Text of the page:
Monday, December 9

Public transport committee to be formed to tackle Sarawak’s traffic woes

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Traffic jams have grown in increasing frequency in Kuching. File Photo

KUCHING: A Public Transport Committee will be set up before the end of this year to gather feedback at both the divisional and state levels to address traffic congestion in Sarawak, said Transport Minister Datuk Lee Kim Shin.

He told a press conference after delivering his winding up speech in the State Legislative Assembly today that the committee would comprise all stakeholders in the industry.

“We need to get feedback from various divisions about the problems they are facing, which is to say we need to get feedback from all stakeholders.

“The problem faced by Kuching may not be the same as that faced by Kapit. They may have different problems and we have to get the feedback at all grassroots levels for us to plan in detail.

“This is for the planning of an integrated transport system in Sarawak,” he said.

Earlier, Lee said based on the Study on Urban Traffic in Kuching 2010-2030, the number of vehicles in the state capital  was estimated to be 449,200 by 2030 from 317,400 in 2015.

With better income, he believed that more people especially in the city could afford to own private vehicles.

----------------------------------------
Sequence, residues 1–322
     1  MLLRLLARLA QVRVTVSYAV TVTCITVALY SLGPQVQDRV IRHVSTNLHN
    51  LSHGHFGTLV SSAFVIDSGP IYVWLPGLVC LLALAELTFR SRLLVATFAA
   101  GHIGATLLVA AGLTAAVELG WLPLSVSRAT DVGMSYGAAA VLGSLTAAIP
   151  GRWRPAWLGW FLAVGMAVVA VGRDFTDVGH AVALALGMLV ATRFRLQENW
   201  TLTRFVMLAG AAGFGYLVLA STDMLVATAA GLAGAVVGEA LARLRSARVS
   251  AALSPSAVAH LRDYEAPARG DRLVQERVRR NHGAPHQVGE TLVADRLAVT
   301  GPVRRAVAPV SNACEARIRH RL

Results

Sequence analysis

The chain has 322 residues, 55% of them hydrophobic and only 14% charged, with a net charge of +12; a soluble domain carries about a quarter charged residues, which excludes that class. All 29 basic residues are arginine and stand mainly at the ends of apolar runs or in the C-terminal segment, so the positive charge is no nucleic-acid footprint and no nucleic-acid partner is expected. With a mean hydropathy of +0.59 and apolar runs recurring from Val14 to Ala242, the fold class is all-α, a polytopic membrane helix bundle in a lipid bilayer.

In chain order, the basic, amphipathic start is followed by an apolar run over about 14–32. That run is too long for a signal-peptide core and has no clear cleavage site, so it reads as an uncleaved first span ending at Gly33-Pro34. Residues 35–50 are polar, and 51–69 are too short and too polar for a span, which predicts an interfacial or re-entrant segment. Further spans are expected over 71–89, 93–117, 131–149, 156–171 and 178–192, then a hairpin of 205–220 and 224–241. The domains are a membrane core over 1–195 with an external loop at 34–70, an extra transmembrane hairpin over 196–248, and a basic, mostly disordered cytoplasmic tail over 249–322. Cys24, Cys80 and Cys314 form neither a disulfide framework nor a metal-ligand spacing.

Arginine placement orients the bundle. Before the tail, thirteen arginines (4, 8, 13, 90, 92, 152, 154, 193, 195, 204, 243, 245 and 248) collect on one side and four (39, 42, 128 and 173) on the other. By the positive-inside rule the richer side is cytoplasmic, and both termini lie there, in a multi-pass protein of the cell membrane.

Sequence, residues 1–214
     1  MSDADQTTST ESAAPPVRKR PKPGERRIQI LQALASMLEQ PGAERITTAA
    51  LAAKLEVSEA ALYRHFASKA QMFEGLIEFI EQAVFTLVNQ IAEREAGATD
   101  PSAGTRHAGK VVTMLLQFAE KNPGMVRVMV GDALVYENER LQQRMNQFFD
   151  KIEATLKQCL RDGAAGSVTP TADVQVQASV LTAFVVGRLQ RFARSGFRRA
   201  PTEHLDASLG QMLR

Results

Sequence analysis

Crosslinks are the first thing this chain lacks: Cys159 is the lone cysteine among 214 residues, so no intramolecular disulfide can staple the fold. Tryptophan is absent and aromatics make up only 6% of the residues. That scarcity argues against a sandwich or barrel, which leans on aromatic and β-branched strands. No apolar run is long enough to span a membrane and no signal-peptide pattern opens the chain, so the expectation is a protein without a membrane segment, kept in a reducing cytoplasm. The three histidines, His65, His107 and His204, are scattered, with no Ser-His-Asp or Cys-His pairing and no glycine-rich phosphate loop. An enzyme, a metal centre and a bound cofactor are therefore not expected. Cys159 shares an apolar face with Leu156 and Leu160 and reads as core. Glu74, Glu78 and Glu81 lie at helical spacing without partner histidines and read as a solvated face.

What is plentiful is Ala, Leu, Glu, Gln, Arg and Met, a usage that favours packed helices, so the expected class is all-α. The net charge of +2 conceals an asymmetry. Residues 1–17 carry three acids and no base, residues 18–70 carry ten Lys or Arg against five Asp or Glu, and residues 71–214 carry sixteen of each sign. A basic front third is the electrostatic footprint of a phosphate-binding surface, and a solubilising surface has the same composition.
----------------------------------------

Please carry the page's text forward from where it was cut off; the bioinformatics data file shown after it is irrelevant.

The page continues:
“Kuching’s population and vehicle registration have been growing at three per cent and eight per cent, respectively per annum.

“This has resulted in the increase of traffic congestion in the city with some junctions experiencing longer waiting time,” he said.

Lee disclosed that he would be meeting the Federal Minister of Transport in Kuala Lumpur next Monday (Nov 18) to discuss transport-related issues in Sarawak.

He said the 2020 Federal Budget had set aside RM450 million for the purchase of 500 buses of various sizes but the Budget did not mention how much Sarawak is getting.

With him at the press conference was Assistant Minister of Transport Datuk Dr Jerip Susil, who said there must be immediate, short-term and long-term plans to solve traffic congestion.

He said the immediate plans would be installing intelligent traffic lights and placement of traffic police at certain spots to ease the congestion on the road.

In the short-term plan, he said selected junctions had to be improved, adding that a number of flyovers (along Jalan Penrissen) will be completed in the next two to three years.

“Of course for the long-term plan would be the (construction of) ART (Autonomous Rapid Transit). Any other plans would of course depends on the population of Kuching,” added Dr Jerip.